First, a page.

You Need 2 Plans – Trust Me!

jimmy moncrief
Jimmy Moncrief

The following is a guest post by Jimmy Moncrief of

As an underwriter, one of the most dangerous things you can do is to make assumptions.  As they say – assumption is mother of all foul-ups.  However, for this article I’m going to make two assumptions:

First of all, as a fellow reader of I’m going to make the assumption that you are serious about real estate investing.  Secondly, I’m going to assume you probably have a real estate investment or two under your belt and are presently growing your real estate investment company.

With those assumptions made, let’s begin…

The Negative

As a real estate investor you know all of the positives: passive cash-flow, appreciation, other-people’s money, tax-advantages, etc.  So I’m not going to focus on that.  Instead, I’m going to focus on a big negative that you may or not yet be experiencing.  But you will face this at some point – this negative item is experienced by EVERY REAL ESTATE INVESTOR.  And it doesn’t matter what kind of real estate investor you are – flipper, long-term rentals, developer, etc.

What negative event am I talking about?


Real estate is a capital intensive business.  This is what keeps newbies from entering the game, and what keeps current players from growing exponentially.  So what to do?


If you are a serious real estate investor, you don’t just need to have a plan for your real estate business.  You need to have a capital plan.  How do you plan to get the capital to acquire and manage the real estate you want to own in the future?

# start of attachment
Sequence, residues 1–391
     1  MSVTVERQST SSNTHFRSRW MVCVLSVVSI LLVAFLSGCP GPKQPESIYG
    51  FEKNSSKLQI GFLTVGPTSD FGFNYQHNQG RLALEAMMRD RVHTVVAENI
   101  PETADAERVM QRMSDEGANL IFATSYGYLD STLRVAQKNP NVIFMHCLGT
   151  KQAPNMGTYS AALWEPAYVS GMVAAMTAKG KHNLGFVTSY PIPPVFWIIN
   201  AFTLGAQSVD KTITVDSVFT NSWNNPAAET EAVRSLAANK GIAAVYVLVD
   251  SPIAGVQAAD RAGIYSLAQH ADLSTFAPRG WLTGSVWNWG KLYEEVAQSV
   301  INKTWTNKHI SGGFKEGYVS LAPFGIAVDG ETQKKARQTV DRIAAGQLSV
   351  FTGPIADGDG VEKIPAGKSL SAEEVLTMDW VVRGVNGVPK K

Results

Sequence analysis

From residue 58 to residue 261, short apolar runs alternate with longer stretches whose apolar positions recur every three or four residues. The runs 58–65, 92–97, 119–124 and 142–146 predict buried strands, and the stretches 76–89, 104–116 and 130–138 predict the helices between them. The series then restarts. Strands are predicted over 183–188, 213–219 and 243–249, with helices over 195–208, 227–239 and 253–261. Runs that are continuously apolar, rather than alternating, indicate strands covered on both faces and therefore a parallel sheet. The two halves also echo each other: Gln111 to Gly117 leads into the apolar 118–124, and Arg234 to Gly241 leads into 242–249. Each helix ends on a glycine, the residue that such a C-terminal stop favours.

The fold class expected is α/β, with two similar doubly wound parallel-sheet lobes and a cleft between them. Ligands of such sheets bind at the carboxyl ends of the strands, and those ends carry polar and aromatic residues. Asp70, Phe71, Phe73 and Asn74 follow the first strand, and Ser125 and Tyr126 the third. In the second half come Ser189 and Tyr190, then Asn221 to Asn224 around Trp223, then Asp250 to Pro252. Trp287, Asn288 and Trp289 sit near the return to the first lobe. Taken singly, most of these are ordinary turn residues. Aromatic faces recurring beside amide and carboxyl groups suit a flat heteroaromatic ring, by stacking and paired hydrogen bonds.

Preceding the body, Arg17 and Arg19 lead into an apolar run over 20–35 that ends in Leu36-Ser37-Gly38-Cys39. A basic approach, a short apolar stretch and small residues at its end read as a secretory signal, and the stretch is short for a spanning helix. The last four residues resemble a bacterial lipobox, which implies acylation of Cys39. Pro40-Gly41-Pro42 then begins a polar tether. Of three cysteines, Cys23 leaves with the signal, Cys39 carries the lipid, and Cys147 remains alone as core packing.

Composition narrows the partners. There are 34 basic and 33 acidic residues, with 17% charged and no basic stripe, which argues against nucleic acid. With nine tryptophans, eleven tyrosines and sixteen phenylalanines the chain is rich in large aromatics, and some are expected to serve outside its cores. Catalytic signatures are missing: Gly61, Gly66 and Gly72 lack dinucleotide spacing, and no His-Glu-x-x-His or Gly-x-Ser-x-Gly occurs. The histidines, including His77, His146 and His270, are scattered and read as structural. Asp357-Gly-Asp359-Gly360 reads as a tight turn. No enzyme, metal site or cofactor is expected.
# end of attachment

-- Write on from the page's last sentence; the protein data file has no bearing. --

Think about that for several minutes…

  1. Write down on a separate sheet of paper right now, how much money you need in capital to acquire the real estate you want to buy in the next several years.
  2. Write-down how you are going to acquire that capital in the next several years.
  3. Finally, put all of this together in a spreadsheet.

Lacking capital is a primary problem that is rarely talked about by real estate investors.  Everybody wants to talk about whole-selling, flipping, tax-liens, big multi-family – Ben Leybovich is infamous with that.  It’s easy to see why people want to talk about those –  big, bright shiny objects.

I want to talk about something very simple:


Cash – the single most important thing a bank underwriter evaluates when analyzing your credit-worthiness.

Don’t just take my word for it and leave some nasty comment in the comments section.  Look-up any publicly-traded real estate company (note, most of them are organized as REITs).  Find one, listen to the last quarters conference-call.  The vast-majority of the time is spent on cash.  Specifically, with rent and development income (cash-in) and the capital structure (debt, equity, etc).

If the majority of publicly-traded real estate company’s spend their time focused on their capital structure, why aren’t you spending your time like this?

Jimmy Moncrief is a bank credit officer and real estate investor.  He blogs at  He has a special report for JustAskBenWhy readers:“Top 6 Things You Can Do To Negotiate Better Terms From Your Lenders.”


  • otthon vĂ©gezheto munka fordĂ­tás Reply

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    • Ben Reply

      Thanks much indeed!

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